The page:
Ormond said the visit was an eye-opener to potential courses of action.

“What I think we can do is to get more of these students into our laboratories and help to foster these STEM degrees and appreciation for technology,” Ormond said. “I would love to see some of their professors, who have Ph.D.s – military officers, work in our labs for a couple of years, do research and come back and teach. This helps to create technical competence in their faculty, keeping them closer to the state-of-the-art. Having their students come to our labs and work gives the Army and its officers a better appreciation for what we do and how we can contribute to the fight.”

 




All of this week's top headlines to your email every Friday.


 
 

 
VG01

Space tourism rocket explodes in desert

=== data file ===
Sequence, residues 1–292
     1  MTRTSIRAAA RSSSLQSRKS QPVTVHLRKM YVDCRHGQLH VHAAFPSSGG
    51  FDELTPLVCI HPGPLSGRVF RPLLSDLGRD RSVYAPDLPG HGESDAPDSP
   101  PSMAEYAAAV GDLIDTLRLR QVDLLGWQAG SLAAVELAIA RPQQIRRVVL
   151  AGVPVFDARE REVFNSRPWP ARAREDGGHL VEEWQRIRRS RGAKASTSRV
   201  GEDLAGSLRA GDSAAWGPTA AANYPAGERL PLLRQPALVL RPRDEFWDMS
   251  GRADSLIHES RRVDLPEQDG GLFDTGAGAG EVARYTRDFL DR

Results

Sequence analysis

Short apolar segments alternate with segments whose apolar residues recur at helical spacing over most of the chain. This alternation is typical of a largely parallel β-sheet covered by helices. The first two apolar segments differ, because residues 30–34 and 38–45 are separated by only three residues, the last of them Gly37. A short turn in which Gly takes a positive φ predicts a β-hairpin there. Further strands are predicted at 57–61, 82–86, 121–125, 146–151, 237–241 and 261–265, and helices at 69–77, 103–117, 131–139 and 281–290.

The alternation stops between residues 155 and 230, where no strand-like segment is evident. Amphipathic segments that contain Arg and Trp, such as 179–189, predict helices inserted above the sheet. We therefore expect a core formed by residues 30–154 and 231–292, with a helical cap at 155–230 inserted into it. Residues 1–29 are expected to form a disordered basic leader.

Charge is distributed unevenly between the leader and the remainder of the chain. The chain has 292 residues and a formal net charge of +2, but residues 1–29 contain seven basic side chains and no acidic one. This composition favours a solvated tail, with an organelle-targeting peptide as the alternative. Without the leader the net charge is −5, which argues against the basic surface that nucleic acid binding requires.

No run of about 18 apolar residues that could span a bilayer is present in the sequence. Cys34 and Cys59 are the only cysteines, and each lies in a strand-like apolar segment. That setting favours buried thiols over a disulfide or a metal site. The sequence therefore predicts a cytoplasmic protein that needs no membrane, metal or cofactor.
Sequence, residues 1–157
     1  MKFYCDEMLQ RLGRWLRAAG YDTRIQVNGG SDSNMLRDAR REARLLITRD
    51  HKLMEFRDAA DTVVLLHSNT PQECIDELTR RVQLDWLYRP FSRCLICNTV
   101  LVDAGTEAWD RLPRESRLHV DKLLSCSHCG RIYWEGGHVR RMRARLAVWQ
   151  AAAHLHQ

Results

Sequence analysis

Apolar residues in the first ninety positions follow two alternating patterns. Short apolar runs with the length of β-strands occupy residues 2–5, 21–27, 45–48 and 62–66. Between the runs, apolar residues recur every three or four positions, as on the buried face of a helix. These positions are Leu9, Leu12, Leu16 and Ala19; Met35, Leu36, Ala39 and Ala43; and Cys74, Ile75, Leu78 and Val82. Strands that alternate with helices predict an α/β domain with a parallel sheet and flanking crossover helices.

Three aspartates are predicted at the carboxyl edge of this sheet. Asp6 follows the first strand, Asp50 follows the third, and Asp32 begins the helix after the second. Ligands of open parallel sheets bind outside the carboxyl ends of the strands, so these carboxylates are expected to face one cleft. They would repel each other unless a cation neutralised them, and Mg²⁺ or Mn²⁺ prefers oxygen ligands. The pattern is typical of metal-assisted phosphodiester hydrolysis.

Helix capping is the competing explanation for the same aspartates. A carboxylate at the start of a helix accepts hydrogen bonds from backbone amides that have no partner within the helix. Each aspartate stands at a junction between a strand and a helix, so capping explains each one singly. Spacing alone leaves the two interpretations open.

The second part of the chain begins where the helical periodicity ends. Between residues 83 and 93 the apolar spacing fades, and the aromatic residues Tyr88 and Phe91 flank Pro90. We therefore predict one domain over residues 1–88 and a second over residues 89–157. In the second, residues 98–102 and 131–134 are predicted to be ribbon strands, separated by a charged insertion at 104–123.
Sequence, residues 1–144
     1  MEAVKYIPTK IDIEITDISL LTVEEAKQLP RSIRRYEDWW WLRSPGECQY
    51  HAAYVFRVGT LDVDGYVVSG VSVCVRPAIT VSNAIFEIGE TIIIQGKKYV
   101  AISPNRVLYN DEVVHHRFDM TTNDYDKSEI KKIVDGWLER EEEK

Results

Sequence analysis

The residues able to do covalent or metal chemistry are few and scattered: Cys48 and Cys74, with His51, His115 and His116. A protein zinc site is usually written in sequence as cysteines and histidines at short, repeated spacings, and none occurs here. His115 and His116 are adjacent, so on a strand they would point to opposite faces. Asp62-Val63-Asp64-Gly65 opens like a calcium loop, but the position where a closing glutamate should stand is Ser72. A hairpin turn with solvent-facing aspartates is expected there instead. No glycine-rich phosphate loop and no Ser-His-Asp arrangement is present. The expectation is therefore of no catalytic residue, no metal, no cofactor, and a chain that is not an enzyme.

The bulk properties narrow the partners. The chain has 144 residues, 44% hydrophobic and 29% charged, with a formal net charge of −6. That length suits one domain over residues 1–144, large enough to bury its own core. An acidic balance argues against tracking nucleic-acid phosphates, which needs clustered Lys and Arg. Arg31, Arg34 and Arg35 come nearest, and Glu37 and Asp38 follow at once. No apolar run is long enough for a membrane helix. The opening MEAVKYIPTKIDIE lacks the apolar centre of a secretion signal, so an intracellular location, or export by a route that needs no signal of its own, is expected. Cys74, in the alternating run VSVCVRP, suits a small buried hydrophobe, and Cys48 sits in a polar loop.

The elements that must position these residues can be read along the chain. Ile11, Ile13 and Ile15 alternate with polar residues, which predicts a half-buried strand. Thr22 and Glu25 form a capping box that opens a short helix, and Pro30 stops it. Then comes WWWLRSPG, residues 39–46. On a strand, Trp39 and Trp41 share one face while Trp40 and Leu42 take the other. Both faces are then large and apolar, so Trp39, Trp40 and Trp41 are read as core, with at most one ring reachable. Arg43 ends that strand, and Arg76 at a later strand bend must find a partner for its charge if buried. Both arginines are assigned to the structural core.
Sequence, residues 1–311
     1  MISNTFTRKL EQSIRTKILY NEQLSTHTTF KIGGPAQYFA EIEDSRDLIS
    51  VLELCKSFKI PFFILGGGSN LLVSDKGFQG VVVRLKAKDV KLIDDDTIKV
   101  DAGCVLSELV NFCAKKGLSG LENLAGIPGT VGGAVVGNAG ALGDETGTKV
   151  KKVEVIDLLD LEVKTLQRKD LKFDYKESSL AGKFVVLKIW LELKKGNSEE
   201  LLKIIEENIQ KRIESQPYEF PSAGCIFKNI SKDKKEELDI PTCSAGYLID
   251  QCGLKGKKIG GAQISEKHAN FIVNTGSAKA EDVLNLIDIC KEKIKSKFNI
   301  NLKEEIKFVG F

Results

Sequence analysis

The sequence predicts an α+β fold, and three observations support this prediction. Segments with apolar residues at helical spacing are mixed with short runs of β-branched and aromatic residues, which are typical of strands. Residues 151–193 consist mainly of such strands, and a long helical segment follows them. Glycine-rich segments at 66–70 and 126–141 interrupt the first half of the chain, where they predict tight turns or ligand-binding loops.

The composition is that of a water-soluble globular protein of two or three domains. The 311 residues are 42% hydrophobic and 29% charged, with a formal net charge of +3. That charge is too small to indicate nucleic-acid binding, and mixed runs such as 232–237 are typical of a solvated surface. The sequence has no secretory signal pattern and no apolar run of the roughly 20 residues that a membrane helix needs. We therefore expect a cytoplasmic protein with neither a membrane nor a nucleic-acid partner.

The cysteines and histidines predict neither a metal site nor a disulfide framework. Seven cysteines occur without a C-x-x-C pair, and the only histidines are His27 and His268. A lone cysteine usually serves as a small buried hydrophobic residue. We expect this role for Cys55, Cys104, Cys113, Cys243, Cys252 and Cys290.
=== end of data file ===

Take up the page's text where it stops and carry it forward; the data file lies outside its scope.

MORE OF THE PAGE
MOJAVE, Calif. – A Virgin Galactic space tourism rocket exploded Oct. 31 during a test flight, killing a pilot aboard and seriously injuring another while scattering wreckage in Southern California’s Mojave Desert, ...
 
 

Headlines October 29, 2014

News: Unmanned rocket explodes just six seconds after taking off - A NASA rocket due to be visible across the East Coast on its way to the International Space Station has blown up on the Launchpad. IG: Former chief of wounded warrior office broke law, DOD regs - The Defense Department inspector general has recommended “corrective action”...
 
 

News Briefs October 29, 2014

F-35C makes first landing at Virginia Beach Navy base The Navy says an operational F-35C joint strike fighter has landed at Naval Air Station Oceana for the first time. Naval Air Station Oceana is the Navy’s master jet base on the East Coast. The Navy says the plane came to the Virginia Beach base Oct....